27 TAKE A STRETCH BREAK! Slide Students stand up and the teacher (or leader) asks them to do five different movements in descending order. For example the teacher would say: "Do five jumping jacks, spin around four times, hop on one foot three times, walk all the way around the classroom two times, give your neighbor one high-five (pause in between each task) Group Projects GROUP PROJECTS Slide By the end of lesson 3 students should have a well-developed plan and be writing and practicing their performance. Visuals should be in process also. Wrapping Up Key Points: Reading food labels enables us to purchase the healthiest food for the best price. Pay close attention to the serving size and how many sizes you actually eat. Is there more fat, salt and sugar than you thought? Don t waste money on empty calories. Be a food safe consumer by storing, handling and thawing foods properly. Keep hot foods hot and cold foods cold. Exit Ticket: The purpose of an Exit Ticket is to gauge which and how much information the students retained from the lesson. Next Week Sneak Peak: The Balancing Act: Physical Activity and Nutrition (Lesson 4) Community Voices for Health: Kids Take Action 2013 American University 24

28 References & Resources Child Nutrition (CN) Labeling Program, USDA Dietary Guidelines for Americans, 2010, Resource Library Empowerment Through Multicultural Education. Edited by Christine E. Sleeter. SUNY Press, Fact Sheets for Healthier School Meals, USDA Food and Nutrition Service, USDA Foodborne Illness and Disease FSIS Fact Sheets National Food Service Management Institute (NFSMI) National School Lunch Program School Breakfast Program School Nutrition Association The Healthy School Lunch Campaign Community Voices for Health: Kids Take Action 2013 American University 25

29 THE BALANCING ACT: PHYSICAL ACTIVITY AND NUTRITION Lesson 4 At a Glance We have learned about the impact of healthy eating; now let s learn about healthy physical activity for teachers as great role-models, healthy employees and advocates for students. You are able to positively influence your students. Physical activity is the other side of the equation for making our bodies and organs strong, resistant to disease, a healthy weight, and fully functioning through the life cycle BRFSS data shows that 26.2% of US citizens did not participate in any physical activity in a month. 20.9% did not do enough aerobic or strength training exercise to meet the guidelines. Americans need to get moving to stop the rise in obesity and related conditions. COMMON CORE STANDARDS Standard 1: Conduct short research projects to answer a question, drawing on several sources and generating additional related, focused questions for further research and investigation. (CCSS.ELA.7.W) Standard 2: Cite specific textual evidence to support analysis of science and technical texts. (CCSS.ELA- Literacy.RST.6-8.1) Standard 3: Gather relevant information from multiple print and digital sources; assess the credibility of each source; and quote or paraphrase the data and conclusions of others while avoiding plagiarism and providing basic bibliographic information for sources. (CCSS.6.W) LESSON OVERVIEW Review o Food Preparation: Understanding Food Labels, Service and Safety (Lesson 3) Lesson o PowerPoint Slides from AU website Fresh Produce Fitness Break Group Projects Exit Ticket Printable worksheet is included Active students do better. Up to 40% higher test scores. Increased concentration and attention. Improved attendance and discipline. Let s Move Schools Community Voices for Health: Kids Take Action 2013 American University 26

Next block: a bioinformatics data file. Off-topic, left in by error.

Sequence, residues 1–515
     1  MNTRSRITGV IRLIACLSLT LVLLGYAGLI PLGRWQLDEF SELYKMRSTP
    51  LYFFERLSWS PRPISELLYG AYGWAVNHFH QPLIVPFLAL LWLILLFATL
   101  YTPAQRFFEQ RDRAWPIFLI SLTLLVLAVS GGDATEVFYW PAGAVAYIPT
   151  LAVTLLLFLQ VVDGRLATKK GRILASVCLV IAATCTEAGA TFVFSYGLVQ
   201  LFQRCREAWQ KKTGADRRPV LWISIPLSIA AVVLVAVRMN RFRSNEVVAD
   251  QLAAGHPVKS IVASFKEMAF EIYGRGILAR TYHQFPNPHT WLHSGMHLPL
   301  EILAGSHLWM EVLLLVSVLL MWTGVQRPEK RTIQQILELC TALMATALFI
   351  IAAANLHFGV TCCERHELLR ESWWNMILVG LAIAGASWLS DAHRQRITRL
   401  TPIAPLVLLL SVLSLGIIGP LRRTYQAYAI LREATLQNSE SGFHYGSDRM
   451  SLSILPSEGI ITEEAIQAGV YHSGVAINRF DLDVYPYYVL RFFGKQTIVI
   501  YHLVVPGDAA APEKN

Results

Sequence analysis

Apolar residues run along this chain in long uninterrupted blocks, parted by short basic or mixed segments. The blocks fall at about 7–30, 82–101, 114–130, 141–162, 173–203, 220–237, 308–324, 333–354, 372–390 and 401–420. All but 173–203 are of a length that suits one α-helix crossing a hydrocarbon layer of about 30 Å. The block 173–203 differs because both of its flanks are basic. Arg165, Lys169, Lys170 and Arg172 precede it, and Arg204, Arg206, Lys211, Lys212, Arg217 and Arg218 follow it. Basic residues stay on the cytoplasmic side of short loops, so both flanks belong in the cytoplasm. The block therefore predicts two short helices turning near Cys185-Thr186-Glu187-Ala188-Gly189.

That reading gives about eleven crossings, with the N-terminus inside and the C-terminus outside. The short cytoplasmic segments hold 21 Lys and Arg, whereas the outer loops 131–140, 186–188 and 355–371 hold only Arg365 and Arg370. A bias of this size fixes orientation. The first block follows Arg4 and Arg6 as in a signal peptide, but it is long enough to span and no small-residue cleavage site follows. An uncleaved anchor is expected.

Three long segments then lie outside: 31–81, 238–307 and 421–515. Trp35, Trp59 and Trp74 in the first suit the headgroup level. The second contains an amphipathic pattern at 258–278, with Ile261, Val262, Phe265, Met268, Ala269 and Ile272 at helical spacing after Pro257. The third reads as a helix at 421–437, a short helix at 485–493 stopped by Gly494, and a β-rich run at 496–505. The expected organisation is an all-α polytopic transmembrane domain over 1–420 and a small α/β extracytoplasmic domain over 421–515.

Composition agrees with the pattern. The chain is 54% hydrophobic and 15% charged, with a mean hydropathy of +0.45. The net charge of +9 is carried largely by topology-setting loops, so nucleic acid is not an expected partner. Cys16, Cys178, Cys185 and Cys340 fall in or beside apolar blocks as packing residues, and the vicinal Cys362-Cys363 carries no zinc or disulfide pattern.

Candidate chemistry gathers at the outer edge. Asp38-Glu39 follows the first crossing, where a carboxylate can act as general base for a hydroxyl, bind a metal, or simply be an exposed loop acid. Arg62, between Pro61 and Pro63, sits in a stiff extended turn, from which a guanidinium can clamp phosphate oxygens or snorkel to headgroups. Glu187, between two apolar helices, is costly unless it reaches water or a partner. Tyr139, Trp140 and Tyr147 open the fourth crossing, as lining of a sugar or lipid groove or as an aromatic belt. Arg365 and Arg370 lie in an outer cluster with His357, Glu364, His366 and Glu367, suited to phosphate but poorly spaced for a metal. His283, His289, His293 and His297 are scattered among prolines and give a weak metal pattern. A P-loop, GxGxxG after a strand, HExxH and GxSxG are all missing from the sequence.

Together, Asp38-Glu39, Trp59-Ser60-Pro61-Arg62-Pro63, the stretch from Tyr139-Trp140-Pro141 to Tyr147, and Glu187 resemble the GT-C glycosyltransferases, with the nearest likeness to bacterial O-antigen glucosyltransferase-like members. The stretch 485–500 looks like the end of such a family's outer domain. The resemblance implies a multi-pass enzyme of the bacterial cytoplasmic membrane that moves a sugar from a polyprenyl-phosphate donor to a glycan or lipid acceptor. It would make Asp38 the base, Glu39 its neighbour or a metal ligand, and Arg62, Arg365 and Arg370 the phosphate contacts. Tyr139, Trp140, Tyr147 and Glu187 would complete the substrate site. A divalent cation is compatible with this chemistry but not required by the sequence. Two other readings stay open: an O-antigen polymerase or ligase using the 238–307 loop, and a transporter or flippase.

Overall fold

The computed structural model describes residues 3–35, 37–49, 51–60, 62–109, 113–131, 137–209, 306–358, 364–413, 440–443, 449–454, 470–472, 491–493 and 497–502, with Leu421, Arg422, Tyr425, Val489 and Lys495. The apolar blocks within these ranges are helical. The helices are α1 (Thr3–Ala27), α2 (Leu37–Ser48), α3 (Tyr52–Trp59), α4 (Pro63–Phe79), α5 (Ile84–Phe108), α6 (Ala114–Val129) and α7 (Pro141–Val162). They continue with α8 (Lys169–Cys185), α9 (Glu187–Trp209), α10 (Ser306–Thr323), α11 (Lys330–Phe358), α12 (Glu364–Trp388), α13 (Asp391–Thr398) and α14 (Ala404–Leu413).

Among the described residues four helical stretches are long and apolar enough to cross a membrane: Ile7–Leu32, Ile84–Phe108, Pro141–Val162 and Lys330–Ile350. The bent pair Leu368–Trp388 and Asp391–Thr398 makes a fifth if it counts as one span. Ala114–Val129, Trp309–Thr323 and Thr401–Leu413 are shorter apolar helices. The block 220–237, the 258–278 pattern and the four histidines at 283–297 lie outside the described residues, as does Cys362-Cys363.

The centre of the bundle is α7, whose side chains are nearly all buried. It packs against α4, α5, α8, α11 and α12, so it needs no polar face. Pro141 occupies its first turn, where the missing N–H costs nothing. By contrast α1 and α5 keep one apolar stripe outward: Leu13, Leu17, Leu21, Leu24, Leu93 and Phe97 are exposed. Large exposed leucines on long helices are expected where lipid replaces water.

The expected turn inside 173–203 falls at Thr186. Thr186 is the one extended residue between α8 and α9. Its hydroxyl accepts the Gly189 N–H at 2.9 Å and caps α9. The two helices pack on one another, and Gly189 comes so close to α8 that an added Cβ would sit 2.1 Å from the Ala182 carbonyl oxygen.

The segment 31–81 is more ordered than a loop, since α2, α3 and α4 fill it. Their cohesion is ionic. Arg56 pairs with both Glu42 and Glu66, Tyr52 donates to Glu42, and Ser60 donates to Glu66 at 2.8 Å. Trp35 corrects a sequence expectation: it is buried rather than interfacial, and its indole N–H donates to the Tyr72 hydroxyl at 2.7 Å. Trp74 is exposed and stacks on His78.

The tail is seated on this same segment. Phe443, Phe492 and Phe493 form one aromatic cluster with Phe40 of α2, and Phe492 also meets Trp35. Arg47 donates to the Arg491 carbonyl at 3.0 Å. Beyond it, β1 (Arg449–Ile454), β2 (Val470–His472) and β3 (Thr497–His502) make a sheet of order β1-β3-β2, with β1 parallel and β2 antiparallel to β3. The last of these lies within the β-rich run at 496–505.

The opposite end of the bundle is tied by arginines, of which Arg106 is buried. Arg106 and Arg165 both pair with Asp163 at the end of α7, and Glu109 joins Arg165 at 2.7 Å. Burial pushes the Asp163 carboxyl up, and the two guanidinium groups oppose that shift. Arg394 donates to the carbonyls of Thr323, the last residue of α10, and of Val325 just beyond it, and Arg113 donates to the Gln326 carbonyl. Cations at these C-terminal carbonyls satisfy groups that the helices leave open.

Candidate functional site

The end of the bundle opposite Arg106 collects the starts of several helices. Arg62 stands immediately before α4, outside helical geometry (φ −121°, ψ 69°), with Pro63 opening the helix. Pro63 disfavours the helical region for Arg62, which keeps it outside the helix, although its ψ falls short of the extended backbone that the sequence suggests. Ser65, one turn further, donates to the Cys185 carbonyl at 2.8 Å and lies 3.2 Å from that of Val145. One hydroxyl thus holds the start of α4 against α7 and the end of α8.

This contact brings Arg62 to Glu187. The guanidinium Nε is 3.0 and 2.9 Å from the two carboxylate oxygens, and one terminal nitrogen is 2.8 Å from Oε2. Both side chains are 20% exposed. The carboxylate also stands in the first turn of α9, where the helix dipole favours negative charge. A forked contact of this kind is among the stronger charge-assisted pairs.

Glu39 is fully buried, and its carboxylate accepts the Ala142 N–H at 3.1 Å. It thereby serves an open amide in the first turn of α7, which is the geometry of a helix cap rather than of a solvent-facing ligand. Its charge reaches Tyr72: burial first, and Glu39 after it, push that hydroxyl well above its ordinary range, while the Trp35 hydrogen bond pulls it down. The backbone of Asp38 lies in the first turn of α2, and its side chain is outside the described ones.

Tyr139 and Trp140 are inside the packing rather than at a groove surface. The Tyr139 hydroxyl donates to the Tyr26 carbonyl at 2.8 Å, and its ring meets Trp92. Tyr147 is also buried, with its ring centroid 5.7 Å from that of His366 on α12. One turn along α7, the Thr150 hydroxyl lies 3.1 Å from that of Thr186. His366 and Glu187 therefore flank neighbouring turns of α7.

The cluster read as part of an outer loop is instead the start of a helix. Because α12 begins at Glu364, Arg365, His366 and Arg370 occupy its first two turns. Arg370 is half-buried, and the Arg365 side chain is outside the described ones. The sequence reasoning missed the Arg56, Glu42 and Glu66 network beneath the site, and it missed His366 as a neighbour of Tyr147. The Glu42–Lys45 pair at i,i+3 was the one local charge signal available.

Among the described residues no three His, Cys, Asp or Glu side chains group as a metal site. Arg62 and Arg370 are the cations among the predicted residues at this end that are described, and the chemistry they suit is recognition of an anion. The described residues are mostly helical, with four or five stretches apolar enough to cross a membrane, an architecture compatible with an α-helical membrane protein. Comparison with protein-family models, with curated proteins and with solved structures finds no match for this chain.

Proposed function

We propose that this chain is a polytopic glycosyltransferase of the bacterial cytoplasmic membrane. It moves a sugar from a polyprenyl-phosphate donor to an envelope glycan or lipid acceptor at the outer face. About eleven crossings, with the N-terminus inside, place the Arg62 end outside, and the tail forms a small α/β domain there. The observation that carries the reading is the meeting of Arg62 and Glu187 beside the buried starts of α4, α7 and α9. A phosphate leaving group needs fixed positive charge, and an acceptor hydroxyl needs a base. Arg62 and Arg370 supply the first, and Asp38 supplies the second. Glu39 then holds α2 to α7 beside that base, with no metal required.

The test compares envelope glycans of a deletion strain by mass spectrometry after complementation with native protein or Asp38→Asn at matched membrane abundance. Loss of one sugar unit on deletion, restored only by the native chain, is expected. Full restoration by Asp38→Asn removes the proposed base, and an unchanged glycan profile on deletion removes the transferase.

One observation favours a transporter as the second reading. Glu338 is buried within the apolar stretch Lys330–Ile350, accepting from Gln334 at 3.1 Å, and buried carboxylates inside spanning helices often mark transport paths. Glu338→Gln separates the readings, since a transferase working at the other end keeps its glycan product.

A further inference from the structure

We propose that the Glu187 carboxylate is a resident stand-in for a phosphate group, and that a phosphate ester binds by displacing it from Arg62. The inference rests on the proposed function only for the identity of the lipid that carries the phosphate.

30 Key Concepts & Vocabulary Agility Ability to move and change directions. Balance Ability to control your body weight and position. Body Composition How much fat versus muscle. Cardiorespirartory Fitness Ability of the heart and lungs to provide oxygenrich blood to muscles. Coordination Ability to use body parts and senses together. Flexibility Range of motion of your joints. Muscular Endurance Muscular Strength How long muscles work before tiring (especially important in sports that last a long time like cross country). Amount of force a muscle can produce (especially important in short bursts of activity like weight training and sprinting). Power Ability to use strength and speed. Reaction Time Ability to move quickly to a signal. Speed Ability to move quickly. Community Voices for Health: Kids Take Action 2013 American University 27